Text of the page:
For other several days ‘Baśka’ participated in hard fights for the downtown streets. She heard moaning of the dying and the wounded. The invisible uprising sky was covered by German bombers and dust of dying tenements. In the evening, on 19 August, the underground patrol was sent to fight for one of the most important uprising barricades which was a building of the Polish Joint-Stock Telephone Company (PASTA). Thanks to the telephone central situated there, the Germans could have a direct connection with the leadership in the Reich Office.

The first two underground nurses went on the fourth day of the Uprising with a task of blowing up the entrance gate. Being attacked with shots from upper floors of the building and also from the nearby Saxon Garden, the miraculously survived. Not earlier than after eighteen days of the fights, was the telephone fortress conquered. The mass several-hour attack lasted a day and a night. The underground nurses contributed to its success.

– We went out from a building far away by a few streets at about midnight, on 19 August. I, ‘Iza’, that is, Wanda Maciejewska and ‘Hanka’, that is, Irena Grabowska. There were also a few sappers with us. We had a few dozen kilos of explosion materials – says Mrs. Barbara. – We had not difficulty to get to a building next to the PASTA. It was necessary to assemble the explosion materials and in a coordinated action at 3 a.m. three various teams from a few sides were to attack. We did not completely know what loads to assemble as there was no exact knowledge how thick those walls were. Anyway we assembled them on the third floor and ‘Jotes’, that is, a captain Jerzy Skupieński was to set them on fire. We and a few dozen sappers went down to a cellar. At one moment there was such a terrible explosion that it looked as if it was the end that we were covered by rubbles forever. But despite our fears we managed to get out easily. We ran up to that ‘explosive’ floor and there had already been a big hole, leading to PASTA, made by our load. However, the Germans got organized quickly and began to shoot at us. Boys ran to attack with weapon. There was a terrible shooting. They were shooting, both the Germans and our boys. It was not known from whom one might be attacked with a bullet as our boys were also wearing German uniforms. Thanks to God, suddenly my braid unraveled and slipped out of my hat. Thanks to it others could see that I was not a German. As I got to know later, a Major Stefan Mich ‘Kmita’, seeing my hair, shouted: ‘Do not shoot, it’s ours!’.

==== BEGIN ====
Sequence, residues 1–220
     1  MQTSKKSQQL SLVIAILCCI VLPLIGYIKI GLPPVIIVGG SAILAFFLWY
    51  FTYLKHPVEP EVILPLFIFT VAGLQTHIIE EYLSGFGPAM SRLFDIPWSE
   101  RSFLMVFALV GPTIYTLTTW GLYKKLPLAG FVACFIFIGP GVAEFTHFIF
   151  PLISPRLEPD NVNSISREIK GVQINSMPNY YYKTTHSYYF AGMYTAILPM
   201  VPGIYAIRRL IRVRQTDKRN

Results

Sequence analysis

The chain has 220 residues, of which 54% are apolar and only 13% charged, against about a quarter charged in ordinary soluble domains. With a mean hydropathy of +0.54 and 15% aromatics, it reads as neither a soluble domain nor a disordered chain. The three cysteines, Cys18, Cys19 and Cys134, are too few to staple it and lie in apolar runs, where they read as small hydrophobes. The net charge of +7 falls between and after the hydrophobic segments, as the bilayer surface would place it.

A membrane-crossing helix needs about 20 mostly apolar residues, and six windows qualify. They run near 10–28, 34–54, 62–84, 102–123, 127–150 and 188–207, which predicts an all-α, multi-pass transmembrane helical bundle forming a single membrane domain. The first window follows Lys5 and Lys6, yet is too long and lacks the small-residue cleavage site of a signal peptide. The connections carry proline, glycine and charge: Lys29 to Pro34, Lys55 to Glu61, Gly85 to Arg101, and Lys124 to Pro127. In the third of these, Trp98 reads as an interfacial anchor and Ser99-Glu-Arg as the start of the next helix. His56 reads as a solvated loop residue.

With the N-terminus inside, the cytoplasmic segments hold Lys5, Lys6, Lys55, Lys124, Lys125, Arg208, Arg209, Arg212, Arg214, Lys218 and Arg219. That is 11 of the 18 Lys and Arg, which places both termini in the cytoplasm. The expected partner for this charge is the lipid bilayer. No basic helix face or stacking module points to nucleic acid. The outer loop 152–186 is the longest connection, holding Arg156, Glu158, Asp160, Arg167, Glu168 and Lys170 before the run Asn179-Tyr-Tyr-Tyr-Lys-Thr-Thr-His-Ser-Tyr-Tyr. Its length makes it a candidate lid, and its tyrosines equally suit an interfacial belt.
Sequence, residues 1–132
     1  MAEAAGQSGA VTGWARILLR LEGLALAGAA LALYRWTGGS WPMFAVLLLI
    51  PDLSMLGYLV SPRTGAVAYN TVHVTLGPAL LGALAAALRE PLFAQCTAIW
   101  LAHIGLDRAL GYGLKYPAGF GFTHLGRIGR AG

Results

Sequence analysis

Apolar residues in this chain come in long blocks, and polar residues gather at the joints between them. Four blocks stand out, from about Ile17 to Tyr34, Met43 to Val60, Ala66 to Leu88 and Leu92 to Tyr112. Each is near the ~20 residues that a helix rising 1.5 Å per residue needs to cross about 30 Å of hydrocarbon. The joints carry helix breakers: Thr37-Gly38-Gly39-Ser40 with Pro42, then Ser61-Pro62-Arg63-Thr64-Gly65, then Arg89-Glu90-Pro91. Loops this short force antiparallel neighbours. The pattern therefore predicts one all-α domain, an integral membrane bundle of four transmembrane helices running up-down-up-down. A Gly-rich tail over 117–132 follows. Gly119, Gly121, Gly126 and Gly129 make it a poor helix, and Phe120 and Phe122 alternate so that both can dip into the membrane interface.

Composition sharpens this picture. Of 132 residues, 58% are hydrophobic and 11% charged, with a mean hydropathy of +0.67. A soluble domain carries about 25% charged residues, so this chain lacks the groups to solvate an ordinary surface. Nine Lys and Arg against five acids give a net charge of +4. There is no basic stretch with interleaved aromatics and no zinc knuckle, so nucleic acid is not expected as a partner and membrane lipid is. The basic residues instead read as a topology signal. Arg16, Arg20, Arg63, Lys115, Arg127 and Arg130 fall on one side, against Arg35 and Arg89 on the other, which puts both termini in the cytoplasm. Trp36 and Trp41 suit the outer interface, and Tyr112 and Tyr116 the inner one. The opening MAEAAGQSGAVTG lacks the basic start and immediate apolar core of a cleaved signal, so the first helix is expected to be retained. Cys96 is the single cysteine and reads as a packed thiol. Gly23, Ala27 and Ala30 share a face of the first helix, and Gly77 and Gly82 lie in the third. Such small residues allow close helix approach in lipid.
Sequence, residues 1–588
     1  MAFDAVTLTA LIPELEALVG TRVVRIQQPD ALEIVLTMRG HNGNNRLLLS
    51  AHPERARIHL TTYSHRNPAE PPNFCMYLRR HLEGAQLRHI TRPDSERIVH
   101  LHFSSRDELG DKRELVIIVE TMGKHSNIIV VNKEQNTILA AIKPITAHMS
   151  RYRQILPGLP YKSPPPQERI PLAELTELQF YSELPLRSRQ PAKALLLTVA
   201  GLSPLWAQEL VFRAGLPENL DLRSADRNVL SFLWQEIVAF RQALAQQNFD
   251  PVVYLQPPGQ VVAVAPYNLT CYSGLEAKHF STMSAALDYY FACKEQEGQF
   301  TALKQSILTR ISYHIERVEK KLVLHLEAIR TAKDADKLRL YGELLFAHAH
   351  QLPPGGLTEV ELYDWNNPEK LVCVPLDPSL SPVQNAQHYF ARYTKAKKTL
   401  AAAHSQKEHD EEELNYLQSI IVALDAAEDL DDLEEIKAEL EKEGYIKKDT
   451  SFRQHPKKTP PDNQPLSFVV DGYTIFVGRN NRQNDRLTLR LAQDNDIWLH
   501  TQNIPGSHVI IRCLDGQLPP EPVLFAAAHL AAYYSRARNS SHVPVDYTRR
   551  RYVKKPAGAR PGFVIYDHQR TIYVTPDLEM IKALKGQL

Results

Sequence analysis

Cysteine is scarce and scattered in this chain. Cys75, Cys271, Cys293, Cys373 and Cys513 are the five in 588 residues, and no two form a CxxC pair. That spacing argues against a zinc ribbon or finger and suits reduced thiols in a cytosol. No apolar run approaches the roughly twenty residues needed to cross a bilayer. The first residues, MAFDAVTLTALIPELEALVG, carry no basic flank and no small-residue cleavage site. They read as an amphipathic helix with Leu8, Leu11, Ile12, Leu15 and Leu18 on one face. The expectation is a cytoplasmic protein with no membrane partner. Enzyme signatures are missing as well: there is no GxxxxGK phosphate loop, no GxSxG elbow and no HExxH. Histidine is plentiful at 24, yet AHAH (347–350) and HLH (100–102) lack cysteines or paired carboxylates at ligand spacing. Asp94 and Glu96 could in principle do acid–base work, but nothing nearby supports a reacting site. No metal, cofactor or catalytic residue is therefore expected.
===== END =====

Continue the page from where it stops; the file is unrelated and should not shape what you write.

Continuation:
After eighteen days the fight – on 20 August at about 1 p.m., the German fortress was conquered. On the side of the insurgents under the command of the Captain Henryk Leliwy-Roycewicz about three hundred soldiers from various groups took part. There were less Germans, armed in guns and pistols by a half. A few dozen soldiers were killed from every side.

Barbara Matys – Wysiadecka is 96 years old today. During the Warsaw Uprising she was a soldier of Women’s Underground Nurses of the Union of Retaliation of the Kedyw District Home Army Headquarters – the 6th Division of Information and Propaganda Office – Shield Division of Military Publishing Plants. After the Uprising with a degree of major sergeant, today a lieutenant. Awarded with the Cross of Valor of the Order of Poland Rebirth. As colleagues from the National Army say – she was calm and very brave. In the Uprising she was fighting till the end, later with a thousand others she was taken to German war prisoners camps. She returned to Poland in May 1945. Two years later she was persecuted by the Security Office. She was also deprived of a possibility to begin her medicine studies. She worked in a trained profession of a nurse till her retirement in 1981. She has been living in her family home Skolimów.


„Niedziela” 31/2019

Editor: Tygodnik Katolicki "Niedziela", ul. 3 Maja 12, 42-200 Czestochowa, Polska
Editor-in-chief: Fr Jaroslaw Grabowski • E-mail: